|Title||Atmospheric rivers do not explain UK summer extreme rainfall|
|Publication Type||Journal Article|
|Year of Publication||2015|
|Authors||Champion A.J, Allan R.P, Lavers D.A|
|Journal||Journal of Geophysical Research-Atmospheres|
|Type of Article||Article|
|Keywords||Atmospheric River; extreme rain; flood; inland penetration; precipitation; scale; states; summer; uk; united-kingdom|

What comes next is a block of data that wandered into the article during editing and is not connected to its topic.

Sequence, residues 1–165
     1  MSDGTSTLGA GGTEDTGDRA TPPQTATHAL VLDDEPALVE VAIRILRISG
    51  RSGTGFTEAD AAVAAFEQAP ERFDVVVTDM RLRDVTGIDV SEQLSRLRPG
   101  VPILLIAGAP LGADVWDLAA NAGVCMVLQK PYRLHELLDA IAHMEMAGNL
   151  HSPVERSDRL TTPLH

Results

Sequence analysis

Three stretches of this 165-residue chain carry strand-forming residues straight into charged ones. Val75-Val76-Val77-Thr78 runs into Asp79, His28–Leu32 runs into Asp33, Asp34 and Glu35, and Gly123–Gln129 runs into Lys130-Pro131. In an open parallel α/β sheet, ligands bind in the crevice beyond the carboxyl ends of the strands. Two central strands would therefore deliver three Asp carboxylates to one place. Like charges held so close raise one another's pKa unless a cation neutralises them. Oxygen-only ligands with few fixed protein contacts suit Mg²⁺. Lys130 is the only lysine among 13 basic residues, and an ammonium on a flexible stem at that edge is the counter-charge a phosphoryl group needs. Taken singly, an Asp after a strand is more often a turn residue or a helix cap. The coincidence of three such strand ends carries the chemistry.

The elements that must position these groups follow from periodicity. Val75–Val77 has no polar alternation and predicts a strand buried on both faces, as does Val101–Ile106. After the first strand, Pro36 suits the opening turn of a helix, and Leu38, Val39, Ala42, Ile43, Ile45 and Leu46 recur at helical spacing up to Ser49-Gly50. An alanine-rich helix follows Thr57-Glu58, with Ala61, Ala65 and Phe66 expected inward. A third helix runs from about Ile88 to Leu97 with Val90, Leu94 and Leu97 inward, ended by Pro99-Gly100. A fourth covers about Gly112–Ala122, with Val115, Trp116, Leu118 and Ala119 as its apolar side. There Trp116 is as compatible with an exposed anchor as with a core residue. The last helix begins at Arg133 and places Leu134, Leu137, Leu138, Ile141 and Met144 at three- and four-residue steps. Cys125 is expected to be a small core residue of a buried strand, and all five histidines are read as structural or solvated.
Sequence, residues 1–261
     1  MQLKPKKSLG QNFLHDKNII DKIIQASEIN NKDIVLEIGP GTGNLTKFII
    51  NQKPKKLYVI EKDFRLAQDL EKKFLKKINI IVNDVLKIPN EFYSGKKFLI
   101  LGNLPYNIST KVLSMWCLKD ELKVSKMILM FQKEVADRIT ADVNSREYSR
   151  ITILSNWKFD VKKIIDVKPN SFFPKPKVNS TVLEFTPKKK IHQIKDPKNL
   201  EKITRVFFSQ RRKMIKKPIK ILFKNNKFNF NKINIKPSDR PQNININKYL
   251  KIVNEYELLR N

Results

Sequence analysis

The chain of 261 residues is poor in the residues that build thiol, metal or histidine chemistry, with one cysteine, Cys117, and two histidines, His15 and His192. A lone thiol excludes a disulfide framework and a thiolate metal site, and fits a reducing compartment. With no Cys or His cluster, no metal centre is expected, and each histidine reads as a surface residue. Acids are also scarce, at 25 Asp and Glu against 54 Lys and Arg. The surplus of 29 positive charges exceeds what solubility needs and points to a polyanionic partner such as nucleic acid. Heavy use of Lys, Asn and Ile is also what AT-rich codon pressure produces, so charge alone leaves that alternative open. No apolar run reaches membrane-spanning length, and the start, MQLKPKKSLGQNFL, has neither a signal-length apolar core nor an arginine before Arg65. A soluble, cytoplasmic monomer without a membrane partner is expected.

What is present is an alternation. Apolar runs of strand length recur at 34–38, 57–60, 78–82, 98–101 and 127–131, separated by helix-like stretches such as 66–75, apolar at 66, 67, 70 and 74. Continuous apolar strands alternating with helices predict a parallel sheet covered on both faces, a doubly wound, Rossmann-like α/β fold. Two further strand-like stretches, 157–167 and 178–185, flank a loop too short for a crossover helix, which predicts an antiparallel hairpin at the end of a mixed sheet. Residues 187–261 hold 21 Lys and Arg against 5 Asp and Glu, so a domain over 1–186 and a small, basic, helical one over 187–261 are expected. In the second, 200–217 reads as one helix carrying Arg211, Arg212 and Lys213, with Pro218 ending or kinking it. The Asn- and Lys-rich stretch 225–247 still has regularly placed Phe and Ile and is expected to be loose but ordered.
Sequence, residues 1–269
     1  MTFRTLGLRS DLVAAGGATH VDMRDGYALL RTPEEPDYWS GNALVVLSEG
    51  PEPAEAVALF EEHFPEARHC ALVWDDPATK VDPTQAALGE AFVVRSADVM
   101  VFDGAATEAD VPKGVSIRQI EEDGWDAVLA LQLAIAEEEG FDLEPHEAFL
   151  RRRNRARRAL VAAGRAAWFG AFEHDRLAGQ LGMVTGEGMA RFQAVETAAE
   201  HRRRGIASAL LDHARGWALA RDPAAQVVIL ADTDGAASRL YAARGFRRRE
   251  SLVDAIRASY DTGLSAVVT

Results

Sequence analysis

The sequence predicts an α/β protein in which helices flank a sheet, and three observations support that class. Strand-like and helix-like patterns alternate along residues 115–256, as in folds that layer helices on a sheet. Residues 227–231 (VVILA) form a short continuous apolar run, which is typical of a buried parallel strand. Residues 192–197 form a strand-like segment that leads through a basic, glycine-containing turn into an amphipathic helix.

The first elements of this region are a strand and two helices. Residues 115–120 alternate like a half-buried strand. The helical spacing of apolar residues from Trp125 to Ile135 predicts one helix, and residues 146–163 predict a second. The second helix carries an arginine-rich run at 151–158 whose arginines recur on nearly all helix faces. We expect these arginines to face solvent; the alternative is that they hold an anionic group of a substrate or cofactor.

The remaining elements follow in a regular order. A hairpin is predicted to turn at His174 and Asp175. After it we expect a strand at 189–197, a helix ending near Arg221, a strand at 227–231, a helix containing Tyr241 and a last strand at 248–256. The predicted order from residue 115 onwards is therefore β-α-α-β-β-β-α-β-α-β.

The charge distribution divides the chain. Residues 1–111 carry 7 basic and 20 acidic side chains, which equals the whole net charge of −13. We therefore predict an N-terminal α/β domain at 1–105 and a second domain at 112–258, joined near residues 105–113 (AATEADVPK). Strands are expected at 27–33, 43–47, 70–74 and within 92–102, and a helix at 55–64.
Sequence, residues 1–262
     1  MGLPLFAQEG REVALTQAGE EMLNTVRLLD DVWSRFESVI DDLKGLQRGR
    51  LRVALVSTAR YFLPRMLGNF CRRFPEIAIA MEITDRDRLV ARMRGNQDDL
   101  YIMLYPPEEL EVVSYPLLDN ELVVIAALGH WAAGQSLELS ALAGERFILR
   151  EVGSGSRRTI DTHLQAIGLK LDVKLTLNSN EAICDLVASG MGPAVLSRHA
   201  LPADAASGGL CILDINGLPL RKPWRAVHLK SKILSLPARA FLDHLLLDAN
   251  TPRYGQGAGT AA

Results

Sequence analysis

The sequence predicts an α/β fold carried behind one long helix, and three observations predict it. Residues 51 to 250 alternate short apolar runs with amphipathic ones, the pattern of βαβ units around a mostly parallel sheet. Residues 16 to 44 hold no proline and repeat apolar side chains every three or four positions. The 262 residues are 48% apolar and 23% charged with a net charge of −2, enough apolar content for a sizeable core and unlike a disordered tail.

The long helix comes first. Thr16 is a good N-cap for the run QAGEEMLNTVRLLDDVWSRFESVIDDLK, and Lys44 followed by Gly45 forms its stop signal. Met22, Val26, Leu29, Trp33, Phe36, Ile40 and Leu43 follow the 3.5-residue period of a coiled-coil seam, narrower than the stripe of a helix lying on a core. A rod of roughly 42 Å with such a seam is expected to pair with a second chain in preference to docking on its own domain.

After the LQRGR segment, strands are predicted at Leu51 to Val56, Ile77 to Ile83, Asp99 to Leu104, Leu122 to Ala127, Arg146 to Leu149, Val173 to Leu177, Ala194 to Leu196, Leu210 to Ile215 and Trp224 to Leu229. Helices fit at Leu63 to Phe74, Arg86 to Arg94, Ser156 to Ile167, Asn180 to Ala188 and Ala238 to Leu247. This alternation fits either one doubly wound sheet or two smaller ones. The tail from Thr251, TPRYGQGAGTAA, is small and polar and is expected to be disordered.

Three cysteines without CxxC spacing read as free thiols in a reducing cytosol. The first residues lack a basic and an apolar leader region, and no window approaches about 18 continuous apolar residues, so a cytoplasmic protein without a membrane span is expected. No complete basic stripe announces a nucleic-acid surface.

Extreme rainfall events continue to be one of the largest natural hazards in the UK. In winter, heavy precipitation and floods have been linked with intense moisture transport events associated with atmospheric rivers (ARs), yet no large-scale atmospheric precursors have been linked to summer flooding in the UK. This study investigates the link between ARs and extreme rainfall from two perspectives: (1) Given an extreme rainfall event, is there an associated AR? (2) Given an AR, is there an associated extreme rainfall event? We identify extreme rainfall events using the UK Met Office daily rain gauge data set and link these to ARs using two different horizontal resolution atmospheric data sets (ERA-Interim and Twentieth Century Reanalysis). The results show that less than 35% of winter ARs and less than 15% of summer ARs are associated with an extreme rainfall event. Consistent with previous studies, at least 50% of extreme winter rainfall events are associated with an AR. However, less than 20% of the identified summer extreme rainfall events are associated with an AR. The dependence of the water vapor transport intensity threshold used to define an AR on the years included in the study, and on the length of the season, is also examined. Including a longer period (1900-2012) compared to previous studies (1979-2005) reduces the water vapor transport intensity threshold used to define an AR.